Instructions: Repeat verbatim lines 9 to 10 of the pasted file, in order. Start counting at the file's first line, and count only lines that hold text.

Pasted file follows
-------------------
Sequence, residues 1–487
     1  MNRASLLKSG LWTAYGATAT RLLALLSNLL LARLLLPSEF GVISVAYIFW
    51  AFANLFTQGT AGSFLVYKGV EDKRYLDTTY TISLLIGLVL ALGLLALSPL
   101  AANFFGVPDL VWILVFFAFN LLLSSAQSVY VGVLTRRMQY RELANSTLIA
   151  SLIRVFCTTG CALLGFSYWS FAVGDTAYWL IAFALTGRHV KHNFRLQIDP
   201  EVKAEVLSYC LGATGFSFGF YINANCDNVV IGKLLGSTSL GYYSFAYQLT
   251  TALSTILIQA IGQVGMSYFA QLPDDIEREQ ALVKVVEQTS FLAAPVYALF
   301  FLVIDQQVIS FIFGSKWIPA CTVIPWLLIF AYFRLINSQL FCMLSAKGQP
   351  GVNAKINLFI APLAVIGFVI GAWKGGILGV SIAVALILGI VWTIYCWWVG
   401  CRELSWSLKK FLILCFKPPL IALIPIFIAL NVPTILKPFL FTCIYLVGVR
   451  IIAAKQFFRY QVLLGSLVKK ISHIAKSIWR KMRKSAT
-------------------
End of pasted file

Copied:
   351  GVNAKINLFI APLAVIGFVI GAWKGGILGV SIAVALILGI VWTIYCWWVG
   401  CRELSWSLKK FLILCFKPPL IALIPIFIAL NVPTILKPFL FTCIYLVGVR